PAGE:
She is also remembered for her renovation of the Pitti Palace which she bought in 1549. Originally Eleanor and Cosimo lived in the Palazzo Vecchio. This was also the administrative seat and housed the militia. She also objected to the noise of the lions that were in an adjacent menagerie. Having grown up in the splendour of the Neapolitan court, she aspired to more. She spent ten years renovating the Pitti Palace and eventually, like many who renovate, she became dismayed by the delays. She set a date for moving, and when the builders did not meet it, the family moved in anyway. The upper floor was for Eleanor and the children, the middle floor for her mother-in-law and the ground floor for Cosimo. They also purchased the land surrounding it for their gardens from a family named Bogoli. The name eventually became corrupted to Boboli, and these are the famous Boboli Gardens.

Eleanor was not able to enjoy her new home for long. In 1562, she was suffering from tuberculosis. Despite the doctor’s warnings of malaria in the area, Cosimo requested that she accompany him on a trip to review several fortifications. Three sons joined them as well, and soon two were dead. Eleanor died six days later, weakened from nursing them. She was only 40 years old, for centuries rumours abounded that one had killed the other and that Cosimo had then slain the perpetrator.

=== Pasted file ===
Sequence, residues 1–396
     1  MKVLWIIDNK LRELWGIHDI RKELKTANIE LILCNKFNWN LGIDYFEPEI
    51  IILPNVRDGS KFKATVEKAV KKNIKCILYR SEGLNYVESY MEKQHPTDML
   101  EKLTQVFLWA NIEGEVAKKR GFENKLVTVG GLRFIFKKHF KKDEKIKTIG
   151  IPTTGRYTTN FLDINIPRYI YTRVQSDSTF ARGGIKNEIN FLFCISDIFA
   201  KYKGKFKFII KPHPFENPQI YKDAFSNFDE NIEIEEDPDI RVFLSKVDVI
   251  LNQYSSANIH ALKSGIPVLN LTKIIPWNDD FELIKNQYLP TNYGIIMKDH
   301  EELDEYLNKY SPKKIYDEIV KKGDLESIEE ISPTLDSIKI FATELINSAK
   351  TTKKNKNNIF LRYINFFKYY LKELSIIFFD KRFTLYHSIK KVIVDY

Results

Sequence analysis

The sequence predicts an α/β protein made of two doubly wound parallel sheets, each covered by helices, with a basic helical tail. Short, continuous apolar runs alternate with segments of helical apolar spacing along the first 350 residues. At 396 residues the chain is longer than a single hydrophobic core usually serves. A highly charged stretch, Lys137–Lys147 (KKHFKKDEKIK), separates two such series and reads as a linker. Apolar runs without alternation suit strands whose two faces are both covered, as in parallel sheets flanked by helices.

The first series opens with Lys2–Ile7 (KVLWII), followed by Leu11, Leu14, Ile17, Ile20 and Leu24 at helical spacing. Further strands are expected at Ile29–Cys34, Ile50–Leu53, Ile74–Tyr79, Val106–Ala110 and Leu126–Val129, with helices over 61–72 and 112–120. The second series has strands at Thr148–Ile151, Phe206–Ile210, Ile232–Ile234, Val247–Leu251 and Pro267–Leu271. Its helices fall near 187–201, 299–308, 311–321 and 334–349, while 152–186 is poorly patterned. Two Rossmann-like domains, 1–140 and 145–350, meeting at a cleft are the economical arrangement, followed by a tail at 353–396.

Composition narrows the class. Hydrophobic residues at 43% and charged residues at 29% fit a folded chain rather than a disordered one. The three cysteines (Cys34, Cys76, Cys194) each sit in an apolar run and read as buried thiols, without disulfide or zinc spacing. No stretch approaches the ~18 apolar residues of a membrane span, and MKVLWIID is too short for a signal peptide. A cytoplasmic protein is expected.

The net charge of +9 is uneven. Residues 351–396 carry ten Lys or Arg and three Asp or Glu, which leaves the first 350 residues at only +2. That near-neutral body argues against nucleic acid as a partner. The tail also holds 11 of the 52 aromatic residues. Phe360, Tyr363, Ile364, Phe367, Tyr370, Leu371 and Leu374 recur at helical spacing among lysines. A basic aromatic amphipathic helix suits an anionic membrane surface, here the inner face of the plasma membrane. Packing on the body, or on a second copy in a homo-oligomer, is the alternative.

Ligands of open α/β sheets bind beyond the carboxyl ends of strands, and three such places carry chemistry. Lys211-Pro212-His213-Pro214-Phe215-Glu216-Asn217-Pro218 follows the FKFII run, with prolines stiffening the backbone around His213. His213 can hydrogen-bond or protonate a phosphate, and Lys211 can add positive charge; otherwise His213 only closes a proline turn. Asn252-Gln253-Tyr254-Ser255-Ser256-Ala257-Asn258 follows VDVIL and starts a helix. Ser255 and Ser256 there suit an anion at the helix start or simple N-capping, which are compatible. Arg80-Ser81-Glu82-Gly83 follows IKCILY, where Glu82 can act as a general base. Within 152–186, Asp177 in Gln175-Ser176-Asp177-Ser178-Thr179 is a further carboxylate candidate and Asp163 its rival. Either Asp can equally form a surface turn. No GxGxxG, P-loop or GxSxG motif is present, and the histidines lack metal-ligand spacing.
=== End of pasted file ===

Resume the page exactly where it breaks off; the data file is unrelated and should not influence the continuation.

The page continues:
Recent forensic examinations confirmed that they had, in fact, all died of malaria, just as the family said all along. Cosimo was devastated by his loss and soon turned over much of the rule of Florence to his son.1


  1. Sources:

    Eric Cochrane, Florence in the Forgotten Centuries
    Ed. Arnaud,  Donne di Casa Medici

About Moniek Bloks 2732 Articles
My name is Moniek and I am from the Netherlands. I began this website in 2013 because I wanted to share these women's amazing stories.


  1. Good post Carol, and I’d like to add/clarify a couple points, I’ll try to be brief: